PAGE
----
Jonathan Auxier’s The Night Gardener was a finalist for the 2014 Governor General’s Literary Award for children’s literature, and rightly so.
It’s a ghost story and a Gothic thriller, and in its tone and themes the novel is a throwback to the spookiness and humour of Washington Irving’s tales and the harshness and perseverance in Charles Dickens’s writing. Auxier reveals his debt to these writers not only when he uses this tone and these themes, but also when he sets his novel on a rundown estate in mid-nineteenth-century rural England.
Fourteen-year-old Molly and her eleven-year-old brother Kip come to England from Ireland to escape the potato famine for a better life. On their crossing from Ireland, they are separated from their parents, and hence they also are looking for a safe place to live and earn their keep. Despite cautions from folks they meet in their search, they pursue a lead to the Windsor estate in the sourwoods. It’s a decrepit big house with a gnarly dark tree growing up one side of it. After a delicate first meeting, the family—the mother, father, and two children — takes them on, Molly as the housekeeper and Kip as the gardener. Thus begins the novel proper, which covers just over a month in Molly and Kip’s time with the Windsors, a time that is made frighteningly memorable by the Night Gardener and the tree he tends.
The Night Gardener will grab middle graders and older readers alike. The characters are full and alive, the dialogue is crisp and natural, and the narration is just detailed enough to create stimulating feelings, images, and moods. A few words might send readers to dictionaries — the limpid sky, a hateful rictus — but dictionary searching is a good thing, and such dialogue spellings as an’, ’em, canna, and somethin’ might seem odd on first encounter, but each character’s voice becomes quickly familiar. Creepy characters and scary scenes could give readers nightmares, but the actions of those characters and scenes come up against undeniable acts of kindness and justice that should temper any fears. Still, parents of younger readers are cautioned.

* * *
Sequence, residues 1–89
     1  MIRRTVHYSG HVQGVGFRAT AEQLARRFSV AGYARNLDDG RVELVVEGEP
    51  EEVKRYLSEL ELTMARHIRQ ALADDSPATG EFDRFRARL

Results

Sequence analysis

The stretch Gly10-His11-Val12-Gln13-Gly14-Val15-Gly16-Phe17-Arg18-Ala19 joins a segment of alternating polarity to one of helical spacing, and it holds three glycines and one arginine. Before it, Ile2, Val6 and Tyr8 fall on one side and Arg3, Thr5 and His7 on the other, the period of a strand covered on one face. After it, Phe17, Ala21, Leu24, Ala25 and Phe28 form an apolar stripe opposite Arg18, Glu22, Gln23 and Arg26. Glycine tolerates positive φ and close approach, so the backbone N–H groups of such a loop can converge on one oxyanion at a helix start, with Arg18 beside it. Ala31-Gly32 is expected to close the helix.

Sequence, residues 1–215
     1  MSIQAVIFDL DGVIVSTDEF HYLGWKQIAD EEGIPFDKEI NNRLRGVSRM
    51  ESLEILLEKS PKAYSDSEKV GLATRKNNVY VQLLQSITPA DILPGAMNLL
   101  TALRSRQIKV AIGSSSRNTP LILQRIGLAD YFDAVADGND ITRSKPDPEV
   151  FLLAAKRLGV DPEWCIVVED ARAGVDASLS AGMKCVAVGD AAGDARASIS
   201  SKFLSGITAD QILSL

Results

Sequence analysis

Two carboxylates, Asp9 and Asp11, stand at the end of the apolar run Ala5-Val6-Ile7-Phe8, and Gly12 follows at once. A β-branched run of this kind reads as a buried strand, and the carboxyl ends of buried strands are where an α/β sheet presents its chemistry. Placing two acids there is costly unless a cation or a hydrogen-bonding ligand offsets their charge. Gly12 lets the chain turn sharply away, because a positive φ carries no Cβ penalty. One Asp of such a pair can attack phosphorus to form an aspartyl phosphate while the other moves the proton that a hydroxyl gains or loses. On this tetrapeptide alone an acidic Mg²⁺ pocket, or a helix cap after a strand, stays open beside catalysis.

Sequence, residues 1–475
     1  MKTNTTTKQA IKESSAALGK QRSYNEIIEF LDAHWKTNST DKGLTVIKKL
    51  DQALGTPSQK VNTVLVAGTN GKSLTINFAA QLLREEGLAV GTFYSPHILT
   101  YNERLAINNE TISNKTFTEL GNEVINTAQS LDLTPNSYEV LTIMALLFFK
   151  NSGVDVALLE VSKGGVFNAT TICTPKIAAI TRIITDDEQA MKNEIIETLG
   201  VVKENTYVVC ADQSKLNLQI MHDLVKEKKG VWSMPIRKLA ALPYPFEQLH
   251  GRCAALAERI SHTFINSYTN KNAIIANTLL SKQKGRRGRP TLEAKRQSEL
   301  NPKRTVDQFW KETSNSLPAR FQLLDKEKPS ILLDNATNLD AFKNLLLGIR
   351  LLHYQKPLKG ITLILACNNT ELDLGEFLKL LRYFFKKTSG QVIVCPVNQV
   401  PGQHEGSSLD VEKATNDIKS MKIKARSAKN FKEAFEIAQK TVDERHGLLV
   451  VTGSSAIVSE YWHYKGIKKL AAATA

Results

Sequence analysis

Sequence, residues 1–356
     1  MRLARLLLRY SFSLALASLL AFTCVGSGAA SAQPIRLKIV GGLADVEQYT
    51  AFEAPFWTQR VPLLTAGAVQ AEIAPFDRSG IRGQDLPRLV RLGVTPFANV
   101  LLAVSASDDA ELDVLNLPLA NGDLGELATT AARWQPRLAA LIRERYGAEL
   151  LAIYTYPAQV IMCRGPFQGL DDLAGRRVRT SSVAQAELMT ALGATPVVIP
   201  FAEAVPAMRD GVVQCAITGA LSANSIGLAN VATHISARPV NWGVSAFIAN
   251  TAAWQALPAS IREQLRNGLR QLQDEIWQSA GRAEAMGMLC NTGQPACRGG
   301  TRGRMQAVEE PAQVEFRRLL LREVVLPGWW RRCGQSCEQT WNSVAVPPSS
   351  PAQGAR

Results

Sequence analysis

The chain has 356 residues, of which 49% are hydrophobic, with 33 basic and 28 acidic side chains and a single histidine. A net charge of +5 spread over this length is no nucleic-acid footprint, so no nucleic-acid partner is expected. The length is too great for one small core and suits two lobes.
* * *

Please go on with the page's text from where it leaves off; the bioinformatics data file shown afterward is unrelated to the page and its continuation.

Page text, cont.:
Those moments of kindness and justice make this also a moral tale, but it’s not a black-and-white novel of good and bad. Characters weigh the differences between what’s “smart” (that is, safe, easy, or profitable) and what’s “right.” Molly and Kip, and all the Windsors — Constance, Bertrand, Alistair, and Penny — are called upon to ask themselves what matters most to them and why, questions that take on greater meaning because their circumstances are affected by magic, poverty, and illness.
In some of these moments we glimpse Molly’s gift for storytelling. She always has one ready to get Kip and her out of a tough situation, to lessen Kip’s worries, and to earn them respect and opportunities. But this gift and readiness give her — and any good storyteller — ability to be an able liar, too, and, in the midst of his own great storytelling, Auxier makes his characters, and thus asks us to, distinguish between a story and a lie and how they inform actions and relationships.